A number of examples (though thankfully mostly non-violent) of competing meditation programs could be found within Buddhism, with its various schools and sub-sects. For instance, in the school called Zen (Chan) Buddhism, which is known primarily as a meditation sect, one can find several diverse methods, each championed by its own sub-sect, and each typically going to elaborate lengths to differentiate itself from the others, as well as from other Buddhist “vehicles”.

One Zen sub-sect (Rinzai) favors the use of koans, or challenging and seemingly irrational enigmas drawn from classical “cases”, which the teacher provides for the aspirant to work with, in order to break through their mental rigidity and stimulate some trans-rational insight experience. Another Zen school (Soto), will instead focus on following or counting breaths, or else will employ a “just sitting” technique, derived from an earlier process called “silent illumination”, which involves observing one’s thoughts without any gaining idea, and which regards the assumption of the posture itself (a rather formal yogic position) as a manifestation itself of the very enlightenment that the Rinzai school is seeking to obtain via their koan program. Occasionally, another sub-sect might arise that seeks to combine the two techniques.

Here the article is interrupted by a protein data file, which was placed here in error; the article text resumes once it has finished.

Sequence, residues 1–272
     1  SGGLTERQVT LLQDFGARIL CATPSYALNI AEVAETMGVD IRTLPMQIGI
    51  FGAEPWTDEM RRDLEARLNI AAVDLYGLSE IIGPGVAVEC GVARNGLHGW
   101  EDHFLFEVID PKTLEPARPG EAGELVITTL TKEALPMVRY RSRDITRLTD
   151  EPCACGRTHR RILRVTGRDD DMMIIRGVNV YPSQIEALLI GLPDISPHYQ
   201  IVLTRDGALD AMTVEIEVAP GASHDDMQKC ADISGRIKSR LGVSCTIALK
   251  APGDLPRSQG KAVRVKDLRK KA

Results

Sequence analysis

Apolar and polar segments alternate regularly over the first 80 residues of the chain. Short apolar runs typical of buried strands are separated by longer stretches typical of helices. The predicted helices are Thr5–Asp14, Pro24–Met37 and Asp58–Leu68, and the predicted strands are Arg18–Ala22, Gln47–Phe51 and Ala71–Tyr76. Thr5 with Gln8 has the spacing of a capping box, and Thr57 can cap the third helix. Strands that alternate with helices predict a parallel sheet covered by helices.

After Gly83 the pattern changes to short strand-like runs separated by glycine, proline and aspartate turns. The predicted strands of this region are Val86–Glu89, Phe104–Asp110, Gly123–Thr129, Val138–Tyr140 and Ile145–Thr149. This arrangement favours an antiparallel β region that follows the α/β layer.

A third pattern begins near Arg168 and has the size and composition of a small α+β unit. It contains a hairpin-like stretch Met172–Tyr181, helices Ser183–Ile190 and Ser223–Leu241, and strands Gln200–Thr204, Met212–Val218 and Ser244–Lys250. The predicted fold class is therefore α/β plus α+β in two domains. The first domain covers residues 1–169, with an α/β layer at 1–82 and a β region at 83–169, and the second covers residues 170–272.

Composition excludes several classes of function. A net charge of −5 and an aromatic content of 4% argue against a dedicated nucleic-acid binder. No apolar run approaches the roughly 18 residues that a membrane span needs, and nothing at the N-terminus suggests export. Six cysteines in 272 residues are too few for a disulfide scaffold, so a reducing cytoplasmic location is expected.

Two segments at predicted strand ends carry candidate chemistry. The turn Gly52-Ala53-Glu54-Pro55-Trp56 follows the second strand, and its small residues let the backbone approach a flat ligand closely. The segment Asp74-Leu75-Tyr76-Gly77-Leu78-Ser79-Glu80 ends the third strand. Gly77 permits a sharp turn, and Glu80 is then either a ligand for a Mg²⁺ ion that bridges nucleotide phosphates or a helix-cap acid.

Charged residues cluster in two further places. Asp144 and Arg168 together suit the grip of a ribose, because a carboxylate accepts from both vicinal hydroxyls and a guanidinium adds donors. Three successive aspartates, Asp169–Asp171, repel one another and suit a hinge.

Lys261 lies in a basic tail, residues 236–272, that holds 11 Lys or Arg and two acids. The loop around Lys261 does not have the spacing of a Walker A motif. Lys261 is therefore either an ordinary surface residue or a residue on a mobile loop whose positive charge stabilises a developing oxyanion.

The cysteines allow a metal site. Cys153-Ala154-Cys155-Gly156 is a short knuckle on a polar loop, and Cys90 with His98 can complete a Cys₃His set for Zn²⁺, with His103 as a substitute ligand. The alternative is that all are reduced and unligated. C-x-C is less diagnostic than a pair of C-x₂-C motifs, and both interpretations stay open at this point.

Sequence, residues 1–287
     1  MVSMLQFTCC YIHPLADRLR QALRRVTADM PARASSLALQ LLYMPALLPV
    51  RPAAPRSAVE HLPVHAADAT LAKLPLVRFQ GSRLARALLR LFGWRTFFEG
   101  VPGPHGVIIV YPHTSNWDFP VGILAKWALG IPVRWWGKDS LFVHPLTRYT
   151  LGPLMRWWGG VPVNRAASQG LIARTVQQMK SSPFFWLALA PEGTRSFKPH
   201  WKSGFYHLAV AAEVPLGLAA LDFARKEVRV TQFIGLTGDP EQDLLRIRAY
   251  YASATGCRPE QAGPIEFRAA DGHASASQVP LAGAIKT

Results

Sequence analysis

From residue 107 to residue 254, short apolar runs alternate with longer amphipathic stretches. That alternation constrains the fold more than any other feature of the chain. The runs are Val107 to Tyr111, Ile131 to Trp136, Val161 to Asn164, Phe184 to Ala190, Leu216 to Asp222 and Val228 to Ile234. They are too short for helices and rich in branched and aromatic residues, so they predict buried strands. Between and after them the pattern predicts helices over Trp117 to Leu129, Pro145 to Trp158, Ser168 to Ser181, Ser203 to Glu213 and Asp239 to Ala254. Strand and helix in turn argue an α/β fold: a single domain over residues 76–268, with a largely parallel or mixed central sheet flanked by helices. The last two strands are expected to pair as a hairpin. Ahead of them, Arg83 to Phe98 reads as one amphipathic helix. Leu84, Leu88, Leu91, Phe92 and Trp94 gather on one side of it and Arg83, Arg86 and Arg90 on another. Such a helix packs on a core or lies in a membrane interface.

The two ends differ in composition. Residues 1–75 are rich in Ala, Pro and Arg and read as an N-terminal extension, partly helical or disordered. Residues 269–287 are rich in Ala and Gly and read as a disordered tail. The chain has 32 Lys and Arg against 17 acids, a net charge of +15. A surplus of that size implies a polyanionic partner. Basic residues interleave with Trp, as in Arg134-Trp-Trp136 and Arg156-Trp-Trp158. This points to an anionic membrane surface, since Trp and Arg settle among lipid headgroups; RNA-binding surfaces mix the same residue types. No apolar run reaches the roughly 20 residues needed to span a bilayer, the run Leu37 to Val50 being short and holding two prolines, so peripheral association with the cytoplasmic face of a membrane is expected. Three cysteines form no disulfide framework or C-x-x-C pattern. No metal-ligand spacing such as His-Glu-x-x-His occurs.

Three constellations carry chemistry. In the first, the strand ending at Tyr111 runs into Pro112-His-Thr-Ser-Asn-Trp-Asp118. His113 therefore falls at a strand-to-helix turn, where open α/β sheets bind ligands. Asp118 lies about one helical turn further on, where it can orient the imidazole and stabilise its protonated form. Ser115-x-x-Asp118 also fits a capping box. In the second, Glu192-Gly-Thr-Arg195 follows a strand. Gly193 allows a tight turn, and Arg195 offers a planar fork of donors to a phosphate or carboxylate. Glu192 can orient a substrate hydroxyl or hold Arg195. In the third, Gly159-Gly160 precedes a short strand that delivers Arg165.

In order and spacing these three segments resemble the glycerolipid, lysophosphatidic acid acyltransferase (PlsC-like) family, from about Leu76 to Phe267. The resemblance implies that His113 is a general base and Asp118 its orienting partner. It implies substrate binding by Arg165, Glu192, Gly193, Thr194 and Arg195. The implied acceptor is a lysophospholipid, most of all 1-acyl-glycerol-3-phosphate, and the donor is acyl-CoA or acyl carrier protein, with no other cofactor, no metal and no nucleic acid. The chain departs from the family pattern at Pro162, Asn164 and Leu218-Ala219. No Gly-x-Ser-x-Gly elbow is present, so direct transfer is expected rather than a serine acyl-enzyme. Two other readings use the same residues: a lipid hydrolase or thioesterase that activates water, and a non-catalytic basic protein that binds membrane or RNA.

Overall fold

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Within Hinduism, there are even more variations on the meditation theme, which may include breath control, sound attenuation, mantras and magical incantations, numerous yogic postures and manipulation of subtle bodily energies, objects of concentrated contemplation and visualization, prayers and supplications to deities, and more advanced explorations of subtle and mystical realms achieved via mind control and various austerities, the potent intervention of a guru or spiritual preceptor, and numerous other approaches.